The format of the internal representation 14 separates the “structure” (or “layout”) of the documents, as described by the object types and their parameters, from the “content” of the various objects; e.g. the character string (content) of a text object is separated from the dimensional parameters of the object; the image data (content) of a graphic object is separated from its dimensional parameters. This allows document structures to be defined in a very compact manner and provides the option for content data to be stored remotely and to be fetched by the system only when needed.
 The internal representation 14 describes the document and its constituent objects in terms of “high-level” descriptions.
 The internal representation data 14 is input to a parsing and rendering module 18 which generates a context-specific representation 20 or “view” of the document represented by the internal representation 14. The required view may be of the whole document or of part(s) (subset(s)) thereof. The parser/renderer 18 receives view control inputs 40 which define the viewing context and any related temporal parameters of the specific document view which is to be generated. For example, the system may be required to generate a zoomed view of part of a document, and then to pan or scroll the zoomed view to display adjacent portions of the document. The view control inputs 40 are interpreted by the parser/renderer 18 in order to determine which parts of the internal representation are required for a particular view and how, when and for how long the view is to be displayed.
 The context-specific representation/view 20 is expressed in terms of primitive shapes and parameters.
 The parser/renderer 18 may also perform additional pre-processing functions on the relevant parts of the internal representation 14 when generating the required view 20 of the source document 10. The view representation 20 is input to a shape processor module 22 for final processing to generate a final output 24, in a format suitable for driving an output device 26 (or multiple output devices), such as a display device or printer.
 The pre-processing functions of the parser/renderer 18 may include colour correction, resolution adjustment/enhancement and anti-aliasing. Resolution enhancement may comprise scaling functions which preserve the legibility of the content of objects when displayed or reproduced by the target output device. Resolution adjustment may be context-sensitive; e.g. the display resolution of particular objects may be reduced while the displayed document view is being panned or scrolled and increased when the document view is static (as described further below in relation to the first aspect of the invention).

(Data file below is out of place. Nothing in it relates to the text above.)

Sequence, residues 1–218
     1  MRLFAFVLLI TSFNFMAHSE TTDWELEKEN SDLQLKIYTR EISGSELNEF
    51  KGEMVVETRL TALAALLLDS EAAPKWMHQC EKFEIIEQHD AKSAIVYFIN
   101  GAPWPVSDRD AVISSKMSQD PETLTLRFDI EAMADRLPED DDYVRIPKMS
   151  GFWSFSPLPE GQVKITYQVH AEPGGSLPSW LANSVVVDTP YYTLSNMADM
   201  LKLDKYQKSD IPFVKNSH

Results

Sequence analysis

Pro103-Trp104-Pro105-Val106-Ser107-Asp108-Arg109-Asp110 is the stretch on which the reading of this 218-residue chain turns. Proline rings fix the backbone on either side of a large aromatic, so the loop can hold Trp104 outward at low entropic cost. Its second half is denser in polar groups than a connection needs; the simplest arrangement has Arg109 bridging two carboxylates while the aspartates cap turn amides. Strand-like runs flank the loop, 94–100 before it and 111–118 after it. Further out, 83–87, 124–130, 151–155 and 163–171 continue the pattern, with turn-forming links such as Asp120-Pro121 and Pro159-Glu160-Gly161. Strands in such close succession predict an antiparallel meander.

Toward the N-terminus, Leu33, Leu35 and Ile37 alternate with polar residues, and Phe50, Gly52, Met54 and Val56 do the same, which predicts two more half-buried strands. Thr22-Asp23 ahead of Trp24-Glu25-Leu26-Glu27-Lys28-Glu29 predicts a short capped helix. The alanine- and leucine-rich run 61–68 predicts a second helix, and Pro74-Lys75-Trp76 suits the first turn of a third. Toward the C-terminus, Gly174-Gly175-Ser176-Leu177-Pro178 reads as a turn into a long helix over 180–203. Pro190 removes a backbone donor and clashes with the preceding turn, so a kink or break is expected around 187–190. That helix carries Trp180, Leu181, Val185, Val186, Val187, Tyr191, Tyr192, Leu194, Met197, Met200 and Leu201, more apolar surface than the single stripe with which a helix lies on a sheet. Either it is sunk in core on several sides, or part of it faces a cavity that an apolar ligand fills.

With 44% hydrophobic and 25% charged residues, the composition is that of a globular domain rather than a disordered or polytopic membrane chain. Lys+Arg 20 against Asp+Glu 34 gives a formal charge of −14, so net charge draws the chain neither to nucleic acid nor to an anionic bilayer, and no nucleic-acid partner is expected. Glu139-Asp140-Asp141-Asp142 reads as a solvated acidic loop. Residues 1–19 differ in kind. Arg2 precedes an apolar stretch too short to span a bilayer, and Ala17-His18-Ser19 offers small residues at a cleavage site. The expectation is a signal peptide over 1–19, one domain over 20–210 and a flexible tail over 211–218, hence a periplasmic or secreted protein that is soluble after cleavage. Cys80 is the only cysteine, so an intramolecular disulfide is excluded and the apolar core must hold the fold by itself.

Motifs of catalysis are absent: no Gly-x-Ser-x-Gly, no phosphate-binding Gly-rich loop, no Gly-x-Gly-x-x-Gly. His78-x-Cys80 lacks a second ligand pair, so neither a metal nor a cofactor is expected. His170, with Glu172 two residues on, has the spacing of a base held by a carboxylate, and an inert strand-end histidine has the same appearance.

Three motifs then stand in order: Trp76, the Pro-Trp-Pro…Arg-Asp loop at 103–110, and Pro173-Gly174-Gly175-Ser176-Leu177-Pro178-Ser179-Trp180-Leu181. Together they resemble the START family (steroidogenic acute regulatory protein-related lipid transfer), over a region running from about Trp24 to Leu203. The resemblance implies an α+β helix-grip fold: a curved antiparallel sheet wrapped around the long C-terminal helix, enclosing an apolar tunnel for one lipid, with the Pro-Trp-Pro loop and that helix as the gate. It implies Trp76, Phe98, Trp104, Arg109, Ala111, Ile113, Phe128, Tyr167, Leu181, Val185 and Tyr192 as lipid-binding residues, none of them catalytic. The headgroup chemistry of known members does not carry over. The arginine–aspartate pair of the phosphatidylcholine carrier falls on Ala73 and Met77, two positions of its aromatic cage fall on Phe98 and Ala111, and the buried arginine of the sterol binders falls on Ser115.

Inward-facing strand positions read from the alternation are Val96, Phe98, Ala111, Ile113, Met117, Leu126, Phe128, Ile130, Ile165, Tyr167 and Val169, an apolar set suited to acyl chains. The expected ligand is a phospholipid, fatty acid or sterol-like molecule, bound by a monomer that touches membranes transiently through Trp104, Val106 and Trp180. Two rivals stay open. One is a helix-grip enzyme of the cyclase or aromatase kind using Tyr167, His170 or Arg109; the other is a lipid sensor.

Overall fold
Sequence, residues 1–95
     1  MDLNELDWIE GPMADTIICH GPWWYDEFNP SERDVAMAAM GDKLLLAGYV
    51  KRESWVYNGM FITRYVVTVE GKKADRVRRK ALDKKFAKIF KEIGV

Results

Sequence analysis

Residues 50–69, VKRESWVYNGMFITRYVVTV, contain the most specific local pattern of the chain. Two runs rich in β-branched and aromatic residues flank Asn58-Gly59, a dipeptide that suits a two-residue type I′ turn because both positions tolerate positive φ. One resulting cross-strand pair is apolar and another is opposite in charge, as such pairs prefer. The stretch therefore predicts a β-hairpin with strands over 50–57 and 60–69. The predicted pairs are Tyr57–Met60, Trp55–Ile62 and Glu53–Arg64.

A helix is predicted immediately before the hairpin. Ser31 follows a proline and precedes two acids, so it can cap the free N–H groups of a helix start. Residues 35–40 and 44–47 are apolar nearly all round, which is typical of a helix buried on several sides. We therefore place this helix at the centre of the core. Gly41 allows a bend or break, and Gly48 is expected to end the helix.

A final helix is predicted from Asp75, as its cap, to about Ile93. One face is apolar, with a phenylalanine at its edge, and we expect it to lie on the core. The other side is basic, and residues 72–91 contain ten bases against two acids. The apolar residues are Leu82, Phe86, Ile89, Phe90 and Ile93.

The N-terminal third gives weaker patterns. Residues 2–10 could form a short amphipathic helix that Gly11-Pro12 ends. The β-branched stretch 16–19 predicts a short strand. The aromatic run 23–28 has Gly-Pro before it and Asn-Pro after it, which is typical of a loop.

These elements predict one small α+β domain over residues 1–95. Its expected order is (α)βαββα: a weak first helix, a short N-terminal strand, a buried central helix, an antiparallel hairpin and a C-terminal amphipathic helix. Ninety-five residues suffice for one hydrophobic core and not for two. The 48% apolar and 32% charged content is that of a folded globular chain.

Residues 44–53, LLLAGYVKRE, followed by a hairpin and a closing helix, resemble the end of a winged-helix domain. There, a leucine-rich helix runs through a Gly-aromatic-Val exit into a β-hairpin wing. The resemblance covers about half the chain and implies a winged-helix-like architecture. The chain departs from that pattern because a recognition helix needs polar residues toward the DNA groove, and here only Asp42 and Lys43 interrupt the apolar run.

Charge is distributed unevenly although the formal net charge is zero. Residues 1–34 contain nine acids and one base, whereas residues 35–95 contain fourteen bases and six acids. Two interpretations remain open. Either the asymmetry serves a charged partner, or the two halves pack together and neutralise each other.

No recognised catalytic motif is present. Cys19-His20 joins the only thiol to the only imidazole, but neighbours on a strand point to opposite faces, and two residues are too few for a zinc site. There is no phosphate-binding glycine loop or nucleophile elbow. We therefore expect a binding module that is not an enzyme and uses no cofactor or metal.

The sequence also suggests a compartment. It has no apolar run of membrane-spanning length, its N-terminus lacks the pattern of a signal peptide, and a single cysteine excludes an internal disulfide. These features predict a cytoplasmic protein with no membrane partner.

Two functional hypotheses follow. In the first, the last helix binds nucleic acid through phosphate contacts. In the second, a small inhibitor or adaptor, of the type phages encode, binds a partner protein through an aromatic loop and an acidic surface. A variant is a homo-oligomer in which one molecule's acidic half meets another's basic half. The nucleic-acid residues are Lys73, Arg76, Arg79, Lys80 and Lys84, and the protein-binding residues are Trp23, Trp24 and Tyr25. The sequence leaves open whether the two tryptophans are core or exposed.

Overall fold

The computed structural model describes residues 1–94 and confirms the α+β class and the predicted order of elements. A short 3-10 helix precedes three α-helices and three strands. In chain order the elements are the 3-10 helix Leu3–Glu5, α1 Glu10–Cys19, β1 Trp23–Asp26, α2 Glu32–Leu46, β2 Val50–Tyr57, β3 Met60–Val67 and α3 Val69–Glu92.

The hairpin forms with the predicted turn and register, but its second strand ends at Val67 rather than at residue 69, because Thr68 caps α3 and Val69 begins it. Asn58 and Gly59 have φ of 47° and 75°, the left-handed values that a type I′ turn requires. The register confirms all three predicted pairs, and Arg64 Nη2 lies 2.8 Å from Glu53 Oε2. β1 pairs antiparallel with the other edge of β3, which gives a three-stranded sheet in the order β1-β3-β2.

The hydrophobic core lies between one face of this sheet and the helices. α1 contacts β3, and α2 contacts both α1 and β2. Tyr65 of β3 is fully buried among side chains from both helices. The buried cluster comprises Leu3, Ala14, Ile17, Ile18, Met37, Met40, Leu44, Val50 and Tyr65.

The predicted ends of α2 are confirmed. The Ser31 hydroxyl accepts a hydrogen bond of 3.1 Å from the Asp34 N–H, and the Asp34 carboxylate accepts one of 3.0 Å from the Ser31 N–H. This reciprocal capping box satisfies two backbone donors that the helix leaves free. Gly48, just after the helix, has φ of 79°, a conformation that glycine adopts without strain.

There may be a feedback path 42 between the renderer/parser 18 and the internal representation 14; e.g. for the purpose of triggering an update of the content of the internal representation 14, such as in the case where the document 10 represented by the internal representation comprises a multi-frame animation.
 The output representation 20 from the parser/renderer 18 expresses the document in terms of “primitive” objects. For each document object, the representation 20 preferably defines the object at least in terms of a physical, rectangular boundary box, the actual shape of the object bounded by the boundary box, the data content of the object, and its transparency.
 The shape processor 22 interprets the representation 20 and converts it into an output frame format 24 appropriate to the target output device 26; e.g. a dot-map for a printer, vector instruction set for a plotter, or bitmap for a display device. An output control input 44 to the shape processor 22 defines the necessary parameters for the shape processor 22 to generate output 24 suitable for a particular output device 26.
 The shape processor 22 preferably processes the objects defined by the view representation 20 in terms of “shape” (i.e. the outline shape of the object), “fill” (the data content of the object) and “alpha” (the transparency of the object), performs scaling and clipping appropriate to the required view and output device, and expresses the object in terms appropriate to the output device (typically in terms of pixels by scan conversion or the like, for most types of display device or printer).
 The shape processor 22 preferably includes an edge buffer which defines the shape of an object in terms of scan-converted pixels, and preferably applies anti-aliasing to the outline shape. Anti-aliasing is preferably performed in a manner determined by the characteristics of the output device 26 (i.e. on the basis of the control input 44), by applying a grey-scale ramp across the object boundary. This approach enables memory efficient shape-clipping and shape-intersection processes.
 A look-up table may be employed to define multiple tone response curves, allowing non-linear rendering control (gamma correction).
 The individual objects processed by the shape processor 22 are combined in the composite output frame 24. The quality of the final output can also be controlled by the user via the output control input 44.